The pharmaceutical industry in 2015 does, indeed, have many challenges, but there is no shortage of potential drugs. There are almost too many molecules in pre-clinical development and early trials; selecting the best candidates and taking them into the clinic is proving more problematical, not least because of funding difficulties. The third panel session in the ‘emerging technologies’ strand discussed some of these issues, focusing on two important therapeutic areas: cancer and infectious disease. Session chair Flic Gabbay from TranScrip Partners introduced the topic before handing over to her panel. Nicola Thompson, formerly of Roche but now talking in a personal capacity, discussed the problem of funding innovation in infectious disease, until very recently regarded as the ‘poor relation’ of pharmaceutical research. Now, with the Ebola crisis and the threat of antibiotic resistance in the forefront of people’s minds, there is renewed interest in the topic – even by industry – but funding difficulties remain. The EU Innovative Medicines Initiative ‘New Drugs for Bad Bugs’ programme, which funds large-scale public-private collaborations in this area, is one example of a possible way forward. Renata Crome from Cancer Research UK described CRUK’s collaborative approach to ‘de-risking’ the early drug development stages to ensure that the most promising candidates are taken forward into advanced trials. Finally, Richard Pye from Oxford-based Summit Therapeutics compared his company’s strategy for developing a novel treatment for Clostridium difficile treatment with a parallel program to develop disease-modifying therapies for Duchenne muscular dystrophy.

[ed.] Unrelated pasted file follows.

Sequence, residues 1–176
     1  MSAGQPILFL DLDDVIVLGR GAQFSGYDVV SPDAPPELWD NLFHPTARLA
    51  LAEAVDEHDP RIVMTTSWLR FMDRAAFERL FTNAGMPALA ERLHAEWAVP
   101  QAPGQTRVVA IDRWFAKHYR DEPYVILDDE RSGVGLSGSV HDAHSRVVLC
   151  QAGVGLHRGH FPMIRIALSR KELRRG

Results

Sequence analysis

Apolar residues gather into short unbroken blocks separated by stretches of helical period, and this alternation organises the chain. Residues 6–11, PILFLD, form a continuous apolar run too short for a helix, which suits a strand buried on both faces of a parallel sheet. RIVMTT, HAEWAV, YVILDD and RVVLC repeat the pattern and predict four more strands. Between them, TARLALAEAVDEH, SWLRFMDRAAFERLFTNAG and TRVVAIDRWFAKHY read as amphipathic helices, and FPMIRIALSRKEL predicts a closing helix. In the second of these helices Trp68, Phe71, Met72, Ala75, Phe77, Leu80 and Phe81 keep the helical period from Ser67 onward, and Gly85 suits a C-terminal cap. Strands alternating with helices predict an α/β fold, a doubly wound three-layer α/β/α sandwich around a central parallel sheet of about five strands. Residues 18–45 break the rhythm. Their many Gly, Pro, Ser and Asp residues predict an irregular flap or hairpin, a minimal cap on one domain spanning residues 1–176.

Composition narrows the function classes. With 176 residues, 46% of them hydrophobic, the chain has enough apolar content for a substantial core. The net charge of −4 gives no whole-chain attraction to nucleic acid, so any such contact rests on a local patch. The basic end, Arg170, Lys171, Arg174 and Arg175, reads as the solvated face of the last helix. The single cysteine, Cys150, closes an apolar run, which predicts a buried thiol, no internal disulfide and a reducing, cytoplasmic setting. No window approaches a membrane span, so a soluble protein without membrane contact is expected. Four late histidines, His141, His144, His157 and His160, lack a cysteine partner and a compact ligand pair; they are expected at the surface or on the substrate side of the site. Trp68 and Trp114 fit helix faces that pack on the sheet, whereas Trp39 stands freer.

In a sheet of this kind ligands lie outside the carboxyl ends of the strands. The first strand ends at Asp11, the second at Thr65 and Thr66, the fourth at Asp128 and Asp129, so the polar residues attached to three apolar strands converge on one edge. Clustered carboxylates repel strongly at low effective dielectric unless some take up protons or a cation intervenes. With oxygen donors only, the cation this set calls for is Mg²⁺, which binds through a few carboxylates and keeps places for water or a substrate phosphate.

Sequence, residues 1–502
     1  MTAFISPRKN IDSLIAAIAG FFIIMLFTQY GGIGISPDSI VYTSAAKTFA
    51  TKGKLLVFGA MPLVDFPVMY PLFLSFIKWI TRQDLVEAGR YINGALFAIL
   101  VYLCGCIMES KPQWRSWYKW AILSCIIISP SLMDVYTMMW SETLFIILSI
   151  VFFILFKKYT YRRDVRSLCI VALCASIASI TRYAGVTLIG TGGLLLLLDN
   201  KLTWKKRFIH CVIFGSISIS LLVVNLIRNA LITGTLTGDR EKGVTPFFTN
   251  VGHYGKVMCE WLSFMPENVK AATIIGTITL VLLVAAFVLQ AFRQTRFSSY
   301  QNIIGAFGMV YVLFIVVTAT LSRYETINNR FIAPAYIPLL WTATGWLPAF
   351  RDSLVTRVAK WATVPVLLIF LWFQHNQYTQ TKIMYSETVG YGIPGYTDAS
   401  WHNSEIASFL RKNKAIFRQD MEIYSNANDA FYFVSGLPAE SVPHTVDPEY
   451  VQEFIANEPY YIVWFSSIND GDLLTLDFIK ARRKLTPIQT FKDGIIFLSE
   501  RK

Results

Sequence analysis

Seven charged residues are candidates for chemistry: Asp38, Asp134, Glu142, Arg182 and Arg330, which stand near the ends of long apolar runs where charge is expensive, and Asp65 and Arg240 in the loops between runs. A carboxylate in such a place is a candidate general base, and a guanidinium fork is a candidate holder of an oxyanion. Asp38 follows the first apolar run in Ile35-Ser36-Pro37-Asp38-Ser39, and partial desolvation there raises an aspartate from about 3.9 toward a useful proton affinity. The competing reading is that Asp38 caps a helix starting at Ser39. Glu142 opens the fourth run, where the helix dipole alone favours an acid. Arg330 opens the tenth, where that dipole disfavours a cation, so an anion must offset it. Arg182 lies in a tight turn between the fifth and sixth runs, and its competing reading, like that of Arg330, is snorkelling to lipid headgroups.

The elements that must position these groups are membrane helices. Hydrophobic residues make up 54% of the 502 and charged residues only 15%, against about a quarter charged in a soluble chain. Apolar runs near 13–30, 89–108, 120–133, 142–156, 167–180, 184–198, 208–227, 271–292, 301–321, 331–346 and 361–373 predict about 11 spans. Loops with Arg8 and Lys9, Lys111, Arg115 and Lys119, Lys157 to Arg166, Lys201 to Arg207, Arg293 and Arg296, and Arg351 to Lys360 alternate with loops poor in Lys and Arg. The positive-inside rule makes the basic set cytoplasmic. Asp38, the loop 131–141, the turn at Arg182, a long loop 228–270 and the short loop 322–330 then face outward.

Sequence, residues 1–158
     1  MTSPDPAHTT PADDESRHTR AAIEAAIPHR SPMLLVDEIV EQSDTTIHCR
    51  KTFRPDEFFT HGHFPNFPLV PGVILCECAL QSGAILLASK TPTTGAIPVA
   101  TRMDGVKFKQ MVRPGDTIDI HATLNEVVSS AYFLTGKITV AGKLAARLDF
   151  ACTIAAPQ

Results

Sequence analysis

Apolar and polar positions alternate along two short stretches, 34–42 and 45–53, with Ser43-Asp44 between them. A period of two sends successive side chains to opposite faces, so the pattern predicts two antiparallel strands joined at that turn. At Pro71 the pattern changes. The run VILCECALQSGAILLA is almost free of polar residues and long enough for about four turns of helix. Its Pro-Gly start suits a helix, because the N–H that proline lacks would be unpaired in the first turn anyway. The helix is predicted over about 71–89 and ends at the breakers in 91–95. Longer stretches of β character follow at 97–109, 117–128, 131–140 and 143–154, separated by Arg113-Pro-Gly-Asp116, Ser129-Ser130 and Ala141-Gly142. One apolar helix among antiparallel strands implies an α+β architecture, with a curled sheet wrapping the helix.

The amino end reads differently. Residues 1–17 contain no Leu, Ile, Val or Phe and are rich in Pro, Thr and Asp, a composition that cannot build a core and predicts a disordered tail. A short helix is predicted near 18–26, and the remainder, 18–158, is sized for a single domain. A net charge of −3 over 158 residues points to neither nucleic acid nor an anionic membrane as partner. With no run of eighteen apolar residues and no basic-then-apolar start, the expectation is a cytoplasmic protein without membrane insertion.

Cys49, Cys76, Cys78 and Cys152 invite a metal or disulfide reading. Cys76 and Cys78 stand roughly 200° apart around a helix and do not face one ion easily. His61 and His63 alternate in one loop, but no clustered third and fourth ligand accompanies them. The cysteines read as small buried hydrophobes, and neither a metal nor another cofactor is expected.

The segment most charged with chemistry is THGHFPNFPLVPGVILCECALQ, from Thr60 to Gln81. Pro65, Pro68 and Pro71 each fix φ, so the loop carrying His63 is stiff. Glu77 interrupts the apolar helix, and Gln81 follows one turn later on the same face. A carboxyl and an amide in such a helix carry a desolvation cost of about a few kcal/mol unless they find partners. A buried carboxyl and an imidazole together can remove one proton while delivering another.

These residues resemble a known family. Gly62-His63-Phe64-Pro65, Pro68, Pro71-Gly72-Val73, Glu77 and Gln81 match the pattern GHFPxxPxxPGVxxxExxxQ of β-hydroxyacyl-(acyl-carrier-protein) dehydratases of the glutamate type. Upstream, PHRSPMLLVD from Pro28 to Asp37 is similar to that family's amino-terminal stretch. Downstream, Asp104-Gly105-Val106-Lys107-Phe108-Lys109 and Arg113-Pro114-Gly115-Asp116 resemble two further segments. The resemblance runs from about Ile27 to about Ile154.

This short post can only give a partial view of a very rich conference programme that would have had plenty to offer anyone with an interest in the pharma and biotech industries. Other accounts will doubtless be appearing elsewhere, and I, for one, have already put the date of the sixteenth Genesis conference – 1 December 2016 – in my diary.

Written By Clare Sansom, Freelance consultant and science writer

 The One Nucleus blog is written by individuals and is not necessarily a reflection of the views held by One Nucleus.

Posted in January 2016, November 2011 | Tagged , , , , , , | Leave a comment